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The leadership of long-term vision

Stan Soderstrom | Jul 08, 2019

Stan Soderstrom

Last month I wrote about the difference between service and impact — and my preference for Kiwanis to be known as a “community impact organization” rather than a place for people to do the kind of service that merely moves them from task to task.  

For me, leadership requires clarity about this distinction. That’s because a focus on impact also brings clarity about what people do and why it matters. And when you have that, you have a sense of what an organization is capable of.  

Whenever I think about leadership like this, my mind turns to Wil Blechman. In the 1990-91 Kiwanis year, he was president of Kiwanis International. The Kiwanis presidency is a one-year position for a volunteer member of our organization. It’s a distinguished position — and as you can imagine, it inspires each person who fills it to pack a lot of initiative into 12 months.  

Wil BlechmanDr. Blechman was no different. But in his year, he was also driven by an overarching vision: a Kiwanis that was united around a common theme that inspired members over the long term, rather than changing year to year.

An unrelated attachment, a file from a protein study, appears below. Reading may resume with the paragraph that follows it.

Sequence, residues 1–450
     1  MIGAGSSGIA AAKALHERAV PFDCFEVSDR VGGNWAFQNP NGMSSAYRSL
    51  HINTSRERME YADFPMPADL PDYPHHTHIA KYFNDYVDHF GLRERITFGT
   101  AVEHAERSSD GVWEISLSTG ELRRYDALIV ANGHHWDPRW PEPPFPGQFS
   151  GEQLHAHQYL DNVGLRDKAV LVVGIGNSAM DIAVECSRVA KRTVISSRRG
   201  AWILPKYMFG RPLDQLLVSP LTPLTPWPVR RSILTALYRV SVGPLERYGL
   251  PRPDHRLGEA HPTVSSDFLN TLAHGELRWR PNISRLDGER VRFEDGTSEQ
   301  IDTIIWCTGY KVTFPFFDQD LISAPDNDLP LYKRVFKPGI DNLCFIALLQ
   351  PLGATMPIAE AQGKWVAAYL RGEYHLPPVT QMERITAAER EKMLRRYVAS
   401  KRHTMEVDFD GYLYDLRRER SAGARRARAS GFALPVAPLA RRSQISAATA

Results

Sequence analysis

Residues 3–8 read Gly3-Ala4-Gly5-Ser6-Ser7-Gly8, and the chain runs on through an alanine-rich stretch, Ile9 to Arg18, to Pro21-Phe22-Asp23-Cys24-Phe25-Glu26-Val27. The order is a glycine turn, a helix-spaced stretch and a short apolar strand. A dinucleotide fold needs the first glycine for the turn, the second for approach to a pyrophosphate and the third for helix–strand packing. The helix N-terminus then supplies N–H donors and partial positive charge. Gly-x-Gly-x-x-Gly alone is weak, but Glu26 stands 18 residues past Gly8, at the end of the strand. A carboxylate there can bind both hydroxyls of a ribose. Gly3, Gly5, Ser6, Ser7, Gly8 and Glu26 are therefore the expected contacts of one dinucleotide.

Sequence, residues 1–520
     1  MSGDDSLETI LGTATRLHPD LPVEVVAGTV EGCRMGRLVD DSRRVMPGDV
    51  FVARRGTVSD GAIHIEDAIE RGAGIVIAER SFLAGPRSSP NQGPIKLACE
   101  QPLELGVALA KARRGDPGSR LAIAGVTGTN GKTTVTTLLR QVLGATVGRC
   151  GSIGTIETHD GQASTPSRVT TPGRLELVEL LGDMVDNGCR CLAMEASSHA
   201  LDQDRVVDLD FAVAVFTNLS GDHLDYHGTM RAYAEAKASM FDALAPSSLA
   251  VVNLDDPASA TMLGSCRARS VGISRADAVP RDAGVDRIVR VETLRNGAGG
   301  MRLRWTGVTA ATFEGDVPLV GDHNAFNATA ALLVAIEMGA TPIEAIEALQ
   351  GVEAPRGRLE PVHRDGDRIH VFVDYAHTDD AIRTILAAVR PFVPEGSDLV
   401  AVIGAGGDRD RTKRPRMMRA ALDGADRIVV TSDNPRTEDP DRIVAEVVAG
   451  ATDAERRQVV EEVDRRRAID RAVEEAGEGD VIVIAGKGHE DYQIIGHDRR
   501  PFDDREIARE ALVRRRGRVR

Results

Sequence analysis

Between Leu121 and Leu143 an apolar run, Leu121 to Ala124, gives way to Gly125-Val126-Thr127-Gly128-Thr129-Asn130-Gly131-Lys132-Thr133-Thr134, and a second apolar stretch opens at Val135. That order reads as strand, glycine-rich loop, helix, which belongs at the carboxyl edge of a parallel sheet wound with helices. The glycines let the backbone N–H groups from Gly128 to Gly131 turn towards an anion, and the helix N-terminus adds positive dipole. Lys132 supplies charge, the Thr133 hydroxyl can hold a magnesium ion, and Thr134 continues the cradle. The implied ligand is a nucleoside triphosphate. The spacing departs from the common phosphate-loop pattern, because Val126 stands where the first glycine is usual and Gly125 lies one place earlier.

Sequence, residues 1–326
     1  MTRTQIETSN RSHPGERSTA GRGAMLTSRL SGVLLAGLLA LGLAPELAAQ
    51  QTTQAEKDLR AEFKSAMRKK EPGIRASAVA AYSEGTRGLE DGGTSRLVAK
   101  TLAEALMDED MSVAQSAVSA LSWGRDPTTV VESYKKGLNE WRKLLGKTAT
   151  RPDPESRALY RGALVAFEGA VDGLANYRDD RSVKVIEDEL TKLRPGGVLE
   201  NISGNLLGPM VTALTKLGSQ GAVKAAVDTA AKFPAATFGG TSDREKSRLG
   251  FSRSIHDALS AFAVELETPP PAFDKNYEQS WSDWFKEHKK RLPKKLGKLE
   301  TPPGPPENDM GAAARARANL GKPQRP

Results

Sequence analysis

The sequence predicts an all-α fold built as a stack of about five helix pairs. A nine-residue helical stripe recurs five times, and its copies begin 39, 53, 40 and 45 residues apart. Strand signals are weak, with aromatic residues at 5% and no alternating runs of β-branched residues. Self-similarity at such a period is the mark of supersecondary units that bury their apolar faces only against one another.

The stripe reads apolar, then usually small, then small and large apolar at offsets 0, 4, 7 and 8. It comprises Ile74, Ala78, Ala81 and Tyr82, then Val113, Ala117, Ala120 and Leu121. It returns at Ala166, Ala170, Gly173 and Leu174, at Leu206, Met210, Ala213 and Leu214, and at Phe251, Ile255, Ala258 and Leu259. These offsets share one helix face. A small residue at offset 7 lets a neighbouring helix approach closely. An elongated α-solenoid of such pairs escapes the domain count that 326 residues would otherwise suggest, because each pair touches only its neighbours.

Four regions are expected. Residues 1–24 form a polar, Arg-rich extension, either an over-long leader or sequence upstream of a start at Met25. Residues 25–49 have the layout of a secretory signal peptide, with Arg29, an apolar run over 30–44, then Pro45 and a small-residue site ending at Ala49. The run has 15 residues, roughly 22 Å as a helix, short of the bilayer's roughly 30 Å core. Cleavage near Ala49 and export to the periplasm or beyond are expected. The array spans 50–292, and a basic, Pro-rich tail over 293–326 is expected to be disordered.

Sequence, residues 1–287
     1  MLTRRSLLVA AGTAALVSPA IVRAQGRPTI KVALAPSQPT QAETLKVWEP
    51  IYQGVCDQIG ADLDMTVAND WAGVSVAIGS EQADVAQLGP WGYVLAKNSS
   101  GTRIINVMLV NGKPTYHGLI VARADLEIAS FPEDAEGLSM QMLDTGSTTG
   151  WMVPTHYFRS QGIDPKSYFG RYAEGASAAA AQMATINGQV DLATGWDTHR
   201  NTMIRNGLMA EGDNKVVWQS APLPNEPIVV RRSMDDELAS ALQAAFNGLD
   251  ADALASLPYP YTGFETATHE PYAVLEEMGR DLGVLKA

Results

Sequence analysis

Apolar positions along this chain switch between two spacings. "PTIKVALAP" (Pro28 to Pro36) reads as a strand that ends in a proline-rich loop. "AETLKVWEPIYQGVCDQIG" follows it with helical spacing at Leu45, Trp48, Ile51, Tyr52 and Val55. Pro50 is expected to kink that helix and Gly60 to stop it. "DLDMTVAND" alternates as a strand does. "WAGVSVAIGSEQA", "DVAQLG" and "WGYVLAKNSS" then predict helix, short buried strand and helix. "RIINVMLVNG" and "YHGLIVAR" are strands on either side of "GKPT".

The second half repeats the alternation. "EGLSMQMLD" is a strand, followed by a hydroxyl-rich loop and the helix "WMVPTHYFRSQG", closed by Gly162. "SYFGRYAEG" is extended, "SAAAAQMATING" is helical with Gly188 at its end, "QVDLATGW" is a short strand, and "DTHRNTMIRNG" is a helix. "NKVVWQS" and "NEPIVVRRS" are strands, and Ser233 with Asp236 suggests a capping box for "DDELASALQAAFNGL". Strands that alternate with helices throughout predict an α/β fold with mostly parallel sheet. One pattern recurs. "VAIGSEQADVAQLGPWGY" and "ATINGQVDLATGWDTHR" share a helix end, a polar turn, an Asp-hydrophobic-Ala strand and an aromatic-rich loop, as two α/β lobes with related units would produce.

It was literally a worldwide vision. Dr. Blechman challenged Kiwanians to ask what we could achieve if we thought of ourselves as an international community of volunteers whose impact reached around the globe.

One direct result was Young Children: Priority One, an international program that focuses on children age 5 years and younger.

But in several other ways, that vision reverberates nearly 30 years later. In that time, we have helped millions of children in many countries grow up without iodine deficiency disorders — and without the developmental disabilities that can result from them. We have helped protect and save millions of lives from maternal and neonatal tetanus through The Eliminate Project.

We have become an organization that makes a world of difference because we actively seek out the larger possibilities of service and fundraising.  

It started with a leader, and a vision. And it continues. For instance, it’s visible in our motto: Serving the Children of the World. It’s also visible in the members who live by that motto.  

Over the years, our various campaigns and programs have succeeded because they inspired people whose own leadership was a necessary ingredient. In that manner, people like Wil Blechman fulfill yet another of the crucial, long-term functions of any good leader: to create more leaders.

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